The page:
The United States and the Rule of Law in International Affairs
Cambridge University Press, 16 сент. 2004 г. - Всего страниц: 367
John Murphy offers an insightful analysis of why the United States does not always accept the rule of law in international affairs, even though it has made immense contributions to its creation, adoption, and implementation. Examining the reasons for this failure, John Murphy analyses a number of cases, not to make a case that the United States has been an international outlaw, but to illustrate the wide-ranging difficulties standing in the way of US adherence to the rule of law. He explains how the nature of the US legal system and the idiosyncrasies of the international legal process combine to compound problems for the United States, and he explores several alternative scenarios for the position of the United States vis-a-vis international law. This timely book offers a much needed examination of US attitudes and practices and makes a major contribution to the contemporary literature in international law and international relations.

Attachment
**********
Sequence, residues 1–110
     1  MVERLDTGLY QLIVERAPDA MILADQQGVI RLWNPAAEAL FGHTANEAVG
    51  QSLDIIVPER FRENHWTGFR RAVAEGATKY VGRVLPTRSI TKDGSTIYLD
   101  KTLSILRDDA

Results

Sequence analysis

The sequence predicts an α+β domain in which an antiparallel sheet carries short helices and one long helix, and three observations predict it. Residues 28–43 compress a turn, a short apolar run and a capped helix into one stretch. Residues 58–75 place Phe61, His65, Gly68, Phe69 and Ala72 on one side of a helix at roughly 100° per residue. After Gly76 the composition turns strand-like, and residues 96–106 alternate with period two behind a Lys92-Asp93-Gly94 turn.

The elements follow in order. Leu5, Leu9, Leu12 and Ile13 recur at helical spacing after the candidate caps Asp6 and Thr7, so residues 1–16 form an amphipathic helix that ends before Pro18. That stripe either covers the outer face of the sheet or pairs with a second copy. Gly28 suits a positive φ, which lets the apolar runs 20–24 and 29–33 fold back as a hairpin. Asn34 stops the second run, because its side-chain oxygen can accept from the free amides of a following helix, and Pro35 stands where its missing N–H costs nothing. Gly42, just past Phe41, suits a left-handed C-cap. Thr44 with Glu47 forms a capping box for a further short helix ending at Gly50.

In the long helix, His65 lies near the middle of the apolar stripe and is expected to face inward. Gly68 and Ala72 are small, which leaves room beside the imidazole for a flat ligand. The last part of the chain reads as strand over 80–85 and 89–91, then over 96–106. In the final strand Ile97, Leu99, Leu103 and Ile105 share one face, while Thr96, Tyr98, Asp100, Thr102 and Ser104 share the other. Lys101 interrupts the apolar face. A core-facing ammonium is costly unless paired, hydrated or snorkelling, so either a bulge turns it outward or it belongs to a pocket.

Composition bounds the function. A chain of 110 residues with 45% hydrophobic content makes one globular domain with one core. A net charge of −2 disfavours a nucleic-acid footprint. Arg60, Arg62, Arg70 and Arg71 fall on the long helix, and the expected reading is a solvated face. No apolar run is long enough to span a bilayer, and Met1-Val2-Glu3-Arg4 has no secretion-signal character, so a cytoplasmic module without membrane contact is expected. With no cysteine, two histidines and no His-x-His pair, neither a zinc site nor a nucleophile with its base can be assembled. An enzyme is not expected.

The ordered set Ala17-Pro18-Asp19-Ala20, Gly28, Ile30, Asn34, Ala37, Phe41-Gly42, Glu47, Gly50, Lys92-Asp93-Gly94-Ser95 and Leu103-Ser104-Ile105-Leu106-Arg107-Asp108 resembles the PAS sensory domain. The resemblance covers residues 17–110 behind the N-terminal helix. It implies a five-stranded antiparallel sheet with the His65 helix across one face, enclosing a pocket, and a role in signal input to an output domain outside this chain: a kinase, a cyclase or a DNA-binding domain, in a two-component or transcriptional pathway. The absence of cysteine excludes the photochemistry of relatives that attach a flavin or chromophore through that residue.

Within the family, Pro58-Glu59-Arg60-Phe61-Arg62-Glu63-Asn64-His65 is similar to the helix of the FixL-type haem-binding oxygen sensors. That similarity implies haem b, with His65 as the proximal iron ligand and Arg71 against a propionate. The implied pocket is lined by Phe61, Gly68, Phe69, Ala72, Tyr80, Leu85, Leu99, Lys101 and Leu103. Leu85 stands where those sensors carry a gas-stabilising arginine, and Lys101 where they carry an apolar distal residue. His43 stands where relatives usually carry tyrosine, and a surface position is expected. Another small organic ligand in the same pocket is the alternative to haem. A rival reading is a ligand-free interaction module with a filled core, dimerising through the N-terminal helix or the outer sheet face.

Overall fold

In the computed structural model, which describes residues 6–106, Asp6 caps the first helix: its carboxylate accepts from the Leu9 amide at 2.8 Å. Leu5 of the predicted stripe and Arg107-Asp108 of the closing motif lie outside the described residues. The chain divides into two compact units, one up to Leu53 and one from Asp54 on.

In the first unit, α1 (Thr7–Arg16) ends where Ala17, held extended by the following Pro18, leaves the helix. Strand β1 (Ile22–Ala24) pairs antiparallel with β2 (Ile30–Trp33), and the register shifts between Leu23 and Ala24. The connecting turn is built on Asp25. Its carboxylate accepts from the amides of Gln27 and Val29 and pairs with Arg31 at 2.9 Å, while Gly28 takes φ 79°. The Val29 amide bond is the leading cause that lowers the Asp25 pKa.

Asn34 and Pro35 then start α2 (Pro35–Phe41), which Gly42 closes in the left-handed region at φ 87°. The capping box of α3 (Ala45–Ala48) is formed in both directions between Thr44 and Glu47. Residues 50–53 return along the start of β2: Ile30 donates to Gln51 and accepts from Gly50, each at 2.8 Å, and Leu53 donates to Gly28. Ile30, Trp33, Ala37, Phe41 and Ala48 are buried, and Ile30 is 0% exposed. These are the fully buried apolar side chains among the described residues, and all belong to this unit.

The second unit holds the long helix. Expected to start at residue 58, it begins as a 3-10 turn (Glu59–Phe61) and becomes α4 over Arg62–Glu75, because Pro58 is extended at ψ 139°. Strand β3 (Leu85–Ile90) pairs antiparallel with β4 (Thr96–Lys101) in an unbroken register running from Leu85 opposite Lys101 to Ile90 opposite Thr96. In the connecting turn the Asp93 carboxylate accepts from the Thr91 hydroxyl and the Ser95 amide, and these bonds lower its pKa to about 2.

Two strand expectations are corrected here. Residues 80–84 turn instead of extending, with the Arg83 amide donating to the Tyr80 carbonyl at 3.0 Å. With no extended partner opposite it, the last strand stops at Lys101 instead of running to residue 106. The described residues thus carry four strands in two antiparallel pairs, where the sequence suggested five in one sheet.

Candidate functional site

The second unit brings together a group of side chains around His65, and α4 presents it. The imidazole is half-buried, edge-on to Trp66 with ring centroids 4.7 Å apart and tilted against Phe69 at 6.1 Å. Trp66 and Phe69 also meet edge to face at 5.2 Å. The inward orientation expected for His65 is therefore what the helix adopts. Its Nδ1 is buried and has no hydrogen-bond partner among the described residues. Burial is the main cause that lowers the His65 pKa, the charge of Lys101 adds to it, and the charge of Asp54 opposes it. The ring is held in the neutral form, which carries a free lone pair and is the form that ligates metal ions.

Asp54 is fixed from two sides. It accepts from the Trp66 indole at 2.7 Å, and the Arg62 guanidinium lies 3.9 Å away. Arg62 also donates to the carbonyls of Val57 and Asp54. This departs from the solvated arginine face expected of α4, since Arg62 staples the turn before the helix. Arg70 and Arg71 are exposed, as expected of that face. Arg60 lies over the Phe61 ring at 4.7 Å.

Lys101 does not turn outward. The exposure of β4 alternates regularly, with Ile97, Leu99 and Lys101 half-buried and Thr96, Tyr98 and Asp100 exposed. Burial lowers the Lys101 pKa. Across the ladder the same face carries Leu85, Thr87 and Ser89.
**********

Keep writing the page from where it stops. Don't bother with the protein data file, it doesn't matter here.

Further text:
Отзывы - Написать отзыв
Не удалось найти ни одного отзыва.
Law and legal process in international affairs
The status of international law under US law
Use of force
Arms control disarmament nonproliferation and safeguards
The law of the sea
Другие издания - Просмотреть все
accepted According action activities adopted affairs agree agreement Amendment application argued arguments armed Article Assembly attack authority basis become binding Charter claim committed Committee concern concluded Conference Congress consider considerable Constitution Convention countries Court Court of Justice crimes criminal customary international law debate decide decision determination developing discussion effect efforts enforcement especially established example executive extradition federal force foreign further human rights INT'L International Court interpretation Iraq issue jurisdiction Kosovo legislation limited major matter means measures military Nicaragua norms nuclear obligations operations opinion Organization parties peace peacekeeping persons political practice present President principles procedures protect provides question reasons recently regarding Relations request reservations resolution response result rule of law Security Council Senate Statute suggested supra note territorial terrorism threat tion Trade treaty Tribunal United Nations violation vote weapons World